Area Forecast Discussion
Issued by NWS Grand Junction, CO

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FXUS65 KGJT 262107

Area Forecast Discussion
National Weather Service Grand Junction CO
307 PM MDT Sun Mar 26 2017

.SHORT TERM...(Tonight through Monday night)
Issued at 300 PM MDT Sun Mar 26 2017

As our most recent storm system continues to head eastward into
the high plains, weak ridging aloft has begun over the western
slope this afternoon. Despite rising heights, lingering low level
moisture and cooler air aloft has resulted in a few scattered snow
showers in the central and southern Colorado mountains. These
showers should quickly diminish once surface heating ends toward
sunset. A mainly dry overnight is forecast as the ridge axis
passes east of the divide around sunrise.

Clouds will thicken early on Monday as our next storm moves in
from the west. Monday high temperatures continue to be a bit
problematic with significant differences in forecast guidance.
Have opted to nudge temperatures upward by a degree or two in
this forecast package favoring the warmer MET guidance, given
strong mixing and warmer southerly flow portrayed in several
forecast soundings across the region. Still thinking that cloud
cover and eventually precipitation, especially in western and
northern zones, will ultimately limit temperatures from reaching
their full potential portrayed by the warmest guidance.

Precipitation will begin in the eastern Uinta mountains around
noon Monday, and will spread into the western Colorado high
country during the afternoon. Forecast soundings do indicate a
small amount of instability during the afternoon hours Monday.
Would not be surprised to see some convective showers and some
thunder in locations along and south of the I-70 corridor. Snow
levels will be high to start, above 8000 feet, but will steadily
drop through the event.

.LONG TERM...(Tuesday through Sunday)
Issued at 300 PM MDT Sun Mar 26 2017

The 500mb trough will slowly cut off across the Four Corners
after midnight on Tuesday morning. Forecast guidance continues to
show quite a range of solutions regarding precipitation totals
for this event. For the mountains of Colorado west of the divide,
liquid equivalent totals from the GFS, NAM, ECMWF, and GEM
deterministic models range anywhere from 0.5 to over 1 inch. With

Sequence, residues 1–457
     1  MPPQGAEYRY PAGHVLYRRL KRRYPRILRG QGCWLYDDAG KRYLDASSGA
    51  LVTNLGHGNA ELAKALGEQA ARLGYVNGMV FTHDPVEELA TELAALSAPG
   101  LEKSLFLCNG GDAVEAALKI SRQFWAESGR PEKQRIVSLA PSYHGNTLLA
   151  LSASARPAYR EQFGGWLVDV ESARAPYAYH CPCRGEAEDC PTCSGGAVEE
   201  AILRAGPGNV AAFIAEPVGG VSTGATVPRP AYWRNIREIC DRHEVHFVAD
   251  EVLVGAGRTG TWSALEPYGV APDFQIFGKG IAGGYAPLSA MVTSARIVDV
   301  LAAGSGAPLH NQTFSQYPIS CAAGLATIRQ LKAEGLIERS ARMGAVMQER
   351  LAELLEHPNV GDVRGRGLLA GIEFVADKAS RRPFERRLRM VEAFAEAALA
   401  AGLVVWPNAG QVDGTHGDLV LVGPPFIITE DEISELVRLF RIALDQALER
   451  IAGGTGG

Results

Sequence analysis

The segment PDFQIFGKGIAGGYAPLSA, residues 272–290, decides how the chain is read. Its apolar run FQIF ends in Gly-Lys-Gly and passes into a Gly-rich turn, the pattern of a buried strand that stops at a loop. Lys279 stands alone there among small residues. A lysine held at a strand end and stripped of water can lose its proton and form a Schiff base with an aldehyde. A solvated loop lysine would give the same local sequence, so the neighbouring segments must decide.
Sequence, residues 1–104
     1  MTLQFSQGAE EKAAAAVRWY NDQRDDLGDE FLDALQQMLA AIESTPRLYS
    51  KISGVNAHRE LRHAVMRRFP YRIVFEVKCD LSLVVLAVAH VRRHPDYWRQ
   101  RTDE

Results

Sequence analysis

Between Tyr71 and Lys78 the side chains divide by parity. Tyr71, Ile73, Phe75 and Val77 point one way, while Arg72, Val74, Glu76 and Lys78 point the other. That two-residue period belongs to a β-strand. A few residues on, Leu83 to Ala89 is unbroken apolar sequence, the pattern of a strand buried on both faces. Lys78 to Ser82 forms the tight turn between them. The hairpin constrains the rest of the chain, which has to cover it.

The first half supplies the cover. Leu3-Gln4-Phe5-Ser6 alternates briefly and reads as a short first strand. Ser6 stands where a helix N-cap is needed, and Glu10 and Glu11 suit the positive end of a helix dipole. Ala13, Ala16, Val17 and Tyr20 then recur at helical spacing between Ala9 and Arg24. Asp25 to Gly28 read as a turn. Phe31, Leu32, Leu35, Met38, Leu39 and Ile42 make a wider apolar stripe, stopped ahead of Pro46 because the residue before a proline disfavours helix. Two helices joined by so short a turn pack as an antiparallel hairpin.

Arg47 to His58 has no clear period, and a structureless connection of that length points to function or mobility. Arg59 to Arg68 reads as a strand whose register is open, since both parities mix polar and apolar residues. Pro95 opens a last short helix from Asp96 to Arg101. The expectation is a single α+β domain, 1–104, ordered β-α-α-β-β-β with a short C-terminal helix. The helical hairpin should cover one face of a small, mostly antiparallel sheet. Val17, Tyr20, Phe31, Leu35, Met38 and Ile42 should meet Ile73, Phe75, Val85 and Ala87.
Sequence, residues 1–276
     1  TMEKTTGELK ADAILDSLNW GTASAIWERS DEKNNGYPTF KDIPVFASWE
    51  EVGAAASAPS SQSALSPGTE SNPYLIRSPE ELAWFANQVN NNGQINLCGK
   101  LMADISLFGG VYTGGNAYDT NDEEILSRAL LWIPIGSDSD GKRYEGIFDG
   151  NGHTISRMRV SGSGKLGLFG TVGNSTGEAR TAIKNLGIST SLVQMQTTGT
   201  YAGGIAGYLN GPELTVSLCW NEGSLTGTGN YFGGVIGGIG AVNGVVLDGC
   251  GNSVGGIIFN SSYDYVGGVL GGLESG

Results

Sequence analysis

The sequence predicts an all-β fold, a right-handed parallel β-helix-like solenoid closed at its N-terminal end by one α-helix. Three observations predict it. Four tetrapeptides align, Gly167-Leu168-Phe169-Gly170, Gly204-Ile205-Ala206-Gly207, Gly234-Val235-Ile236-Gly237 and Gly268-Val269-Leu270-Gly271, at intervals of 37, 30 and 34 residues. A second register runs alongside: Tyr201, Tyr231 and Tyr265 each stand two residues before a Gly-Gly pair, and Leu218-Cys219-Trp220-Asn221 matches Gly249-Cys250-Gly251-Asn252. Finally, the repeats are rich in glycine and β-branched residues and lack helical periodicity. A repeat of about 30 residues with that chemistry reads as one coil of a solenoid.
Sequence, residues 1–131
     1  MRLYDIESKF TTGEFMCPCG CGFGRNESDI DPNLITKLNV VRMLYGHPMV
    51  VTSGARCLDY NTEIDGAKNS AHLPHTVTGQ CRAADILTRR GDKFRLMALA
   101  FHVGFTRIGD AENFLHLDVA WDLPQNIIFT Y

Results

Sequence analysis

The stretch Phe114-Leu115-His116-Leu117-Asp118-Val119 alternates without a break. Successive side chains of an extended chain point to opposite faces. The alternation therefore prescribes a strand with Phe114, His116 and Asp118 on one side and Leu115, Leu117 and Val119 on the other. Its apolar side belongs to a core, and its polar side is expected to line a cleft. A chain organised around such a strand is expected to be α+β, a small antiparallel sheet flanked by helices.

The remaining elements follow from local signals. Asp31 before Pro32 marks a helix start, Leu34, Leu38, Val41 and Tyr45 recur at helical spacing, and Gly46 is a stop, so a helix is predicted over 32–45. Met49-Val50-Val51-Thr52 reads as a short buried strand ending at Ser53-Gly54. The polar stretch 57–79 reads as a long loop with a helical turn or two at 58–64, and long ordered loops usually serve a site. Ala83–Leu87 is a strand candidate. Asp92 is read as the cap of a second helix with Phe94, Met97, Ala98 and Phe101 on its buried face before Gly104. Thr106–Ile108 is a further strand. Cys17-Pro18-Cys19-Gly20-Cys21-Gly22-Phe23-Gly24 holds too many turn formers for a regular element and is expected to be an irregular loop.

snow ratios around 10:1, this would lead to anywhere from 5 to 12+
inches of snowfall. The 12z GFS showed particularly heavy
precipitation totals, and is the highest outlier at this point.
700mb temperatures are cooler, but not particularly cold, when
the best lift and dynamics the -3 to -5 range on
average from the New Mexico to Wyoming border. Despite this,
relatively mild air in the lowest portion of the atmosphere will
contribute to higher lapse rates and some convective potential
again during the day Tuesday. The potential for convective
snowfall, and briefly heavier precipitation rates, further
complicates the total precipitation forecast. Due to the continued
uncertainty in QPF totals, have opted to wait another forecast
cycle to determine the best course of action regarding highlights
for this event.

As the upper level cutoff low shifts east, lee cyclogenesis will
commence over the southern plains on Tuesday afternoon. This will
shift dynamic support for snowfall to the front range and points
eastward. Despite the loss of dynamics, lingering moisture and
northwesterly upslope flow will result in mountain snow showers
through the night and into Wednesday morning. The ECMWF and NAM
end precipitation in the mountains around noon, with the GFS
holding on to a few snow showers in the Elk, Gore, and Sawach
ranges through 6pm.

The storm system will move east across the High Plains on
Wednesday night bringing an end to the precipitation to all
mountain locations. A transient ridge will provide a short break
as the next storm system drops into the Great Basin region on
Thursday. Both the GFS and the EC take this closed low to a
position near the Four Corners region on Friday and slowly move
the storm east near the Colorado/New Mexico state line on
Saturday. The EC takes a faster and more progressive solution
moving the storm out of our area by Saturday as a quick moving
shortwave drops southeast into New Mexico by Monday. Run to run
consistency has been fairly low with this storm so confidence is
low regarding details of the storm. However, this storm is quite
cold and fairly wet so depending on its exact track, the
possibility exists for significant snowfall in some mountain
locations late Thursday into the weekend.


.AVIATION...(For the 18Z TAFS through 18Z Monday afternoon)
Issued at 1216 AM MDT Sun Mar 26 2017

Impacts from the last night`s storm continued over eastern Utah
and western Colorado through the early part of day. Showers were
more limited and confined to the higher terrain. This trend will
continue through the afternoon so do not expect showers to occur
over TAF sites. However, residual low level moisture and
instability is expected to keep CIGS below ILS breakpoints for
much of the afternoon over KEGE and KASE. Clouds will be
diminishing this evening as the atmosphere stabilizes so expect
TAF sites will see a return to VFR conditions region wide.




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